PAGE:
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dc.contributor.authorKnox, Mellissa
dc.contributor.authorGamble, Jenny
dc.date.accessioned2021-03-09T23:04:04Z
dc.date.available2021-03-09T23:04:04Z
dc.date.issued2018
dc.identifier.issn1871-5192en_US
dc.identifier.doi10.1016/j.wombi.2018.08.087en_US
dc.identifier.urihttp://hdl.handle.net/10072/403014
dc.description.abstractBackground: The first 1000 days of life, commencing in pregnancy, are critical to long-term health and wellbeing. Poor health outcomes at the start to life have been shown to manifest in chronic disease, including major public health problems, e.g. obesity, heart disease and mental health problems. Long term costs for individuals, families and health systems are increased. Evidence also show that outcomes for mothers and babies can improve where there is early uptake of antenatal care. In specific areas of Australia, access to early antenatal care has been identified as suboptimal. This can relate to local population need and circumstances, even where established health services are available. New approaches are needed. Innovation and originality: This paper provides an overview of a new maternity service innovation implemented in Logan, South-East Queensland to address identified population specific need, specifically women from migrant and refugee communities, Aboriginal and Torres Strait Islander women, and women from low SES backgrounds/circumstances. It describes an emerging model of maternity care that fully implements the Lancet series Framework for Quality Maternal and Newborn Care and is underpinned by principles of primary health, community development, co-design and cultural safety. The new model includes continuity of midwifery care with a named midwife, partnership with existing non-government community services oriented to local population need, and integrated support from established secondary and tertiary maternity services, including hospital and specialist consultation and referral. Implications for policy makers: Principles and process for developing successful partnerships between women, communities, local government, funders and established health services to enable replicability will be highlighted. Current evidence and policy debate in Australia and the UK oriented to expansion of these new service models will be discussed in relation to service co-design and governance.en_US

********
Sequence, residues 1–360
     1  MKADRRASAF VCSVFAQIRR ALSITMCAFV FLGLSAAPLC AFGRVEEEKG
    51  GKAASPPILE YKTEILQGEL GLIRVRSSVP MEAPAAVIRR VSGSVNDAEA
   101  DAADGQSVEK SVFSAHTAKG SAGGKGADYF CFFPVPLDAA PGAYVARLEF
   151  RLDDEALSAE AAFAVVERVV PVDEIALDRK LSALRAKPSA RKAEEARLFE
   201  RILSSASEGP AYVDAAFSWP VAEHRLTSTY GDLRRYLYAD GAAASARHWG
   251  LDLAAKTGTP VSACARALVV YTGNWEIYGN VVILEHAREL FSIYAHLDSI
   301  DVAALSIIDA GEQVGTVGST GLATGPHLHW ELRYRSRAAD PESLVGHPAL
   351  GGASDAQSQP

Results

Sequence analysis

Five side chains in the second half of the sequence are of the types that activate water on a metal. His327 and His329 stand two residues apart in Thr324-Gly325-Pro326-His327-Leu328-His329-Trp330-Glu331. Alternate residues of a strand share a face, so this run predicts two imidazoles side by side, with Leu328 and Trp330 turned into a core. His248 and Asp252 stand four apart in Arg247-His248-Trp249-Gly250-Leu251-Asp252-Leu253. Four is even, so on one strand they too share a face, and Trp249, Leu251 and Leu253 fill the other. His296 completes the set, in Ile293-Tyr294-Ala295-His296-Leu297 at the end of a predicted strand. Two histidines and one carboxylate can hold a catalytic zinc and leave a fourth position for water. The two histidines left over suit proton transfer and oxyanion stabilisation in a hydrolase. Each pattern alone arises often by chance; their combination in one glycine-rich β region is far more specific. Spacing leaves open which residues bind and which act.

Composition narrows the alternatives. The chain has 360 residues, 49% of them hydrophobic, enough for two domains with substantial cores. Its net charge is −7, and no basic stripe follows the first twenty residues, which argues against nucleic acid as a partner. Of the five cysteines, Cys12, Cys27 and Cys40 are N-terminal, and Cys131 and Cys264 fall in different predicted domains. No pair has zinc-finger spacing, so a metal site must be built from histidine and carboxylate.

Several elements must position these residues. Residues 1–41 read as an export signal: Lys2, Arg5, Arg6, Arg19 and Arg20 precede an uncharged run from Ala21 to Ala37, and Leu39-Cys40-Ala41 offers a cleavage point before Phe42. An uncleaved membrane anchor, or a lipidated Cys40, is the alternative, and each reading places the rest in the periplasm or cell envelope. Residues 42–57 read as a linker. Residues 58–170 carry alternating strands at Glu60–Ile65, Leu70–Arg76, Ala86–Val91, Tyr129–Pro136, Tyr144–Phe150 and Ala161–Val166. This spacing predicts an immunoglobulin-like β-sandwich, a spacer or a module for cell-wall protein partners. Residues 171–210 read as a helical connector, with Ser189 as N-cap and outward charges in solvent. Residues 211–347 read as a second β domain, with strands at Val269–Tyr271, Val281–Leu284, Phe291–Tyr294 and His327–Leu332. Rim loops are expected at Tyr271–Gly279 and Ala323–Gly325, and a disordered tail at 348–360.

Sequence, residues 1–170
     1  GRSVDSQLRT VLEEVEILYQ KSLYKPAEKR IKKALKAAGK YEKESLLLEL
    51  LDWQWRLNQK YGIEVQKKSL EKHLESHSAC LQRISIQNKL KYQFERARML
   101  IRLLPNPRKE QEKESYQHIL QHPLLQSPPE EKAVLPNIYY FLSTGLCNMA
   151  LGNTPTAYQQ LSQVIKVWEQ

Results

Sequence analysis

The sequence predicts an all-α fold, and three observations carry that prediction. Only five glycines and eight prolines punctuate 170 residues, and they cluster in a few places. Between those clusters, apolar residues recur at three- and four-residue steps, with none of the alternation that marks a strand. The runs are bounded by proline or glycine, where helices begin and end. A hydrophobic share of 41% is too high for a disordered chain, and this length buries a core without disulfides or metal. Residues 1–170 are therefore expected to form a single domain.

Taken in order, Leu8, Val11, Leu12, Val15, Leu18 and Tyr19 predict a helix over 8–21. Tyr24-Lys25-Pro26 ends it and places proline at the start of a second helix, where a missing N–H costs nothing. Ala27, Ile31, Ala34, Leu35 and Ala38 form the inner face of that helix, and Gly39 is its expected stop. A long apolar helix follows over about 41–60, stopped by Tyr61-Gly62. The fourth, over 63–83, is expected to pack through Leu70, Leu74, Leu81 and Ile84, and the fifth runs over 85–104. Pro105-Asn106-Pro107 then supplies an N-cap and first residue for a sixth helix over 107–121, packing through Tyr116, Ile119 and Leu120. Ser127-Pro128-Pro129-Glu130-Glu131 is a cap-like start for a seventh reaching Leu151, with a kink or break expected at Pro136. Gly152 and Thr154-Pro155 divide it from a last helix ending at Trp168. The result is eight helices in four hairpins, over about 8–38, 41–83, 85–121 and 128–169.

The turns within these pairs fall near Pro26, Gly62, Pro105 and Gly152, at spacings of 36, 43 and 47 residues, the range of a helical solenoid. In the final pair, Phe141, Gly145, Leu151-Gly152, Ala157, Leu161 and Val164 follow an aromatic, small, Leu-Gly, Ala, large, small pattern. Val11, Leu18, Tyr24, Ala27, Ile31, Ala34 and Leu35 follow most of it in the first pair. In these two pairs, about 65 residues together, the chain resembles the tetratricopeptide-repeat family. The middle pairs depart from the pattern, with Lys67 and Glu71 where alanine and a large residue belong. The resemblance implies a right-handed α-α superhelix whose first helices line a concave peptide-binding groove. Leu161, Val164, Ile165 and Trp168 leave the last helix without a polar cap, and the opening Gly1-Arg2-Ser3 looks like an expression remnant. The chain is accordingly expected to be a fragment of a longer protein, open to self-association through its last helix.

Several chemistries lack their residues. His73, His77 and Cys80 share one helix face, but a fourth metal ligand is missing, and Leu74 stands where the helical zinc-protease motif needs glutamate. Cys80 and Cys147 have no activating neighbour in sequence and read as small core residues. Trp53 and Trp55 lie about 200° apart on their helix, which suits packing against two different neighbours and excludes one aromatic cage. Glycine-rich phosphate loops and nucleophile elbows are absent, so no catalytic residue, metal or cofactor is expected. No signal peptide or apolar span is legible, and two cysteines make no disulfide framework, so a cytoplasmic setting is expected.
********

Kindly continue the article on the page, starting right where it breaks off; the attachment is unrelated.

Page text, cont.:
dc.languageEnglishen_US
dc.publisherElsevieren_US
dc.relation.ispartofconferencenameAustralian College of Midwives National Conferenceen_US
dc.relation.ispartofconferencetitleWomen and Birthen_US
dc.relation.ispartofdatefrom2018
dc.relation.ispartofpagefromS27en_US
dc.relation.ispartofpagetoS28en_US
dc.relation.ispartofissueSupplement 1en_US
dc.relation.ispartofvolume31en_US
dc.subject.fieldofresearchMedical and Health Sciencesen_US
dc.subject.fieldofresearchcode11en_US
dc.subject.keywordsScience & Technologyen_US
dc.subject.keywordsLife Sciences & Biomedicineen_US
dc.subject.keywordsNursingen_US
dc.subject.keywordsObstetrics & Gynecologyen_US
dc.titleCommunity maternity hubs and midwifery caseload practice: a future-focused primary health model with integrated access to secondary and tertiary servicesen_US
dc.typeConference outputen_US
dc.type.descriptionE3 - Conferences (Extract Paper)en_US
dcterms.bibliographicCitationKnox, M; Gamble, J, Community maternity hubs and midwifery caseload practice: a future-focused primary health model with integrated access to secondary and tertiary services, Women and Birth, 2018, 31 (Supplement 1), pp. S27-S28en_US
dc.date.updated2021-03-09T22:59:42Z
gro.hasfulltextNo Full Text
gro.griffith.authorGamble, Jenny A.


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